Is it time to play "pop goes the IPO" again?
It's been six years since a technology IPO popped up like network-storage play
did last Friday. The offering listed at $13 a share, but after being oversubscribed because of big money managers lining up to get in on the money-losing company, it surged to $22.85 that day. That's a 76% gain on Isilon's
The last time a stock rose that much on its first day was
back in November 2000. Transmeta rose to $46 on its first day of trading, above the offering price of $19. It's now trading at $1.11.
Yet after a weekend to think over its exuberance, Wall Street decided that Isilon's gain was perfectly reasonable. The stock didn't lose any ground but has added a few more points to its gains, and was trading at $25.77 Friday.
So it's looking like 1999 all over again, right? A money-losing company surges on going public? Not exactly. It's a little more complex than that. First of all, Isilon may be the best-performing technology IPO of 2006, but it's not the best performing IPO -- or even the second-best.
Those distinctions belong, respectively, to financial exchange
and McDonald's spinoff
Chipotle Mexican Grill
Second, Isilon was oversubscribed and remains in demand despite its first-day pop in part because money managers genuinely like the company. Isilon is a storage story with a twist. Storage, of course, has been reliably growing industry for some time, dominated by companies such as
Research firm IDG estimates that the storage industry will grow from $17.4 billion last year to $22.1 billion in 2010. But Isilon's corner of the industry -- digital storage -- will grow much faster.
Another research firm, Enterprise Strategy Group, says that demand for disk-based digital archiving, an area Isilon is focusing on, will grow 96% during the same period.
Much of that demand for digital content will be coming from media companies, whether they be
with its customers' digital photos or
with streaming movies. But digital storage will also serve other industries' needs, such as seismic images for oil companies, DNA sequencing at bioscience companies and even satellite images for the federal government.
And Seattle-based Isilon is signing up new customers -- 184 over the past year and 63 alone in the quarter ended Oct. 1:
sprawling MySpace unit is using Isilon's technology for MP3 and video streaming; and Movielink, a movie-download joint venture involving the top five film studios, is relying on Isilon's clustered-storage systems, as is Cedars-Sinai Medical Center.
Isilon's systems' edge is that they are remarkably easy to scale up. When customers have a surge in demand for their digital content, Isilon's technology can let them add to a storage cluster with a minimum of cost, IT staff time and negative impact on performance.
That's a big reason why the company is winning rave reviews as well as clients. Isilon has "the easiest storage system out of the gate and over its life cycle," Tony Asaro wrote on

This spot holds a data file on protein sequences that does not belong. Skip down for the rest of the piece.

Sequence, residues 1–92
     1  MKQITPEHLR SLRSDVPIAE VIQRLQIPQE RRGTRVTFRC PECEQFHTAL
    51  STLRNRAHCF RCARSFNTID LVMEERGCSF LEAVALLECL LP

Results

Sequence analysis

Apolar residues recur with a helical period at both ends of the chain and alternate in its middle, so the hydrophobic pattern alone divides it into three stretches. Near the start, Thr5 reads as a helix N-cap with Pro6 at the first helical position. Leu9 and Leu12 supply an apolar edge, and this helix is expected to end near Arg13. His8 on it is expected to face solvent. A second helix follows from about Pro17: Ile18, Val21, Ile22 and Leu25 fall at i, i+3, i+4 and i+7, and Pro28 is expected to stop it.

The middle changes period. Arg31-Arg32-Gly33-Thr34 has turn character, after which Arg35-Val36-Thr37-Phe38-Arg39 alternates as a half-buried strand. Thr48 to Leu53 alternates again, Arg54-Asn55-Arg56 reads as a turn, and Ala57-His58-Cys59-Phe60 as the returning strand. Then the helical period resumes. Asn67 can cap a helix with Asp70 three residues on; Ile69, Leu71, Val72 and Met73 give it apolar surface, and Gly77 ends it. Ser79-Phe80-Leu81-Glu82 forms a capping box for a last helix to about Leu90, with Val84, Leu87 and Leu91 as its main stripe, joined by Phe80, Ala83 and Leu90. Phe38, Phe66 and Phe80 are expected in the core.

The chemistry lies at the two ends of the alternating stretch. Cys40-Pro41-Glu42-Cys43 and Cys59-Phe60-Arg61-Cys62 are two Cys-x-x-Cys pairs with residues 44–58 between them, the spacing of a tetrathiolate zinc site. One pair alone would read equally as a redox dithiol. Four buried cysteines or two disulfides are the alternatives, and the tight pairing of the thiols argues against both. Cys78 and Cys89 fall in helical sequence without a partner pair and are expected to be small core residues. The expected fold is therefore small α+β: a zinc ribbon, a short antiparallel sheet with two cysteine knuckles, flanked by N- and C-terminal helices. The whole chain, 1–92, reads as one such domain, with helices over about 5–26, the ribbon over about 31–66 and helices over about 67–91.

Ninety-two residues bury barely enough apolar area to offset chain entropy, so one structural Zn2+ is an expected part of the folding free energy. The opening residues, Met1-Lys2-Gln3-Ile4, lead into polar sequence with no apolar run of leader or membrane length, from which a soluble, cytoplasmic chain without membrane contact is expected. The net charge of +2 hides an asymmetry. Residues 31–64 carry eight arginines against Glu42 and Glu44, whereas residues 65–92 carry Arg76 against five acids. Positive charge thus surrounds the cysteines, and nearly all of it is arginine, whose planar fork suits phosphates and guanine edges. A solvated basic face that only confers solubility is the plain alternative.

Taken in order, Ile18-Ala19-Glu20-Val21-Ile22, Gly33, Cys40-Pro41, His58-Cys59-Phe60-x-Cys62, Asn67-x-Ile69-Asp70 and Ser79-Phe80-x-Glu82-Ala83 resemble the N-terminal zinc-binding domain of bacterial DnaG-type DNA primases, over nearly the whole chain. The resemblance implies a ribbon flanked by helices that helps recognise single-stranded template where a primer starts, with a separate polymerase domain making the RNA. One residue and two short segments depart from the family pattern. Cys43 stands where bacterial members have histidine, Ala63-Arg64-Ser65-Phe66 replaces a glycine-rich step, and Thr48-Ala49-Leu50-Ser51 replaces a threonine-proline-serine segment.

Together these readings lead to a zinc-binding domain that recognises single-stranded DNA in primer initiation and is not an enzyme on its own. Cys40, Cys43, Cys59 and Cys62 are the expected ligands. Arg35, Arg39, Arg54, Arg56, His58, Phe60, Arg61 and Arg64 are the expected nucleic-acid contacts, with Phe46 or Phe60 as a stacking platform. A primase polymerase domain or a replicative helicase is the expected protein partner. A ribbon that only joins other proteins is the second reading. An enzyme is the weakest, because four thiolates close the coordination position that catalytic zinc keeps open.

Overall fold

"Isilon ushers in a next-generation storage system that uses commodity hardware and focuses heavily on its software capability and architecture. They can potentially reinvent the way storage is done," he wrote.
And from a financial perspective, Isilon looks, if not perfect, then promising. A shrewd investor never likes to buy into an IPO of a company in the red. But in its favor, Isilon's margins, while negative, have been edging closer to positive territory in each passing year.
Research and development expenses fell to 28% of revenue in the first nine months of this year, down from 72% a year before. Marketing expenses fell to 41% of revenue in the period from 59% a year before, and sales and administrative fell to 12% from 21%.
The risk in buying a newly public company that has lost money to date is, of course, that in spending the capital it has raised, the company drops further into the red as its expenses mount faster than revenue.
Only a small fraction of the $105 million Isilon raised is going to pay down existing debt; the rest will finance future growth.
But here, too, Isilon offers some comfort. Revenue has been skyrocketing much faster than the company has been spending money -- tripling in 2005 and rising 236% in the first nine months of 2006.
That speaks to strong demand for its storage systems that's unlikely to abate even as the company hires new sales and R&D staff.
And while 27% of Isilon's revenue currently come from two customers -- Comcast and Kodak -- the company has been steadily diversifying its revenue base. Some 20% of revenue comes from overseas, up from 14% last year and 3% two years ago. Similarly, revenue through channel partners (as opposed to direct sales) increased from 6% in 2004 to 27% in 2005 and 41% in the first nine months of 2006.
Though Isilon seems to be at a rarefied level by some metrics (it's trading at 28 times its trailing 12-month sales) the stock may be appealing as a long-term holding in an era where digital-storage demand is ever-growing.
At first blush, Isilon's first-day pop may not as scary as it looks. But if less-promising IPOs start to see similar pops, we may be in trouble.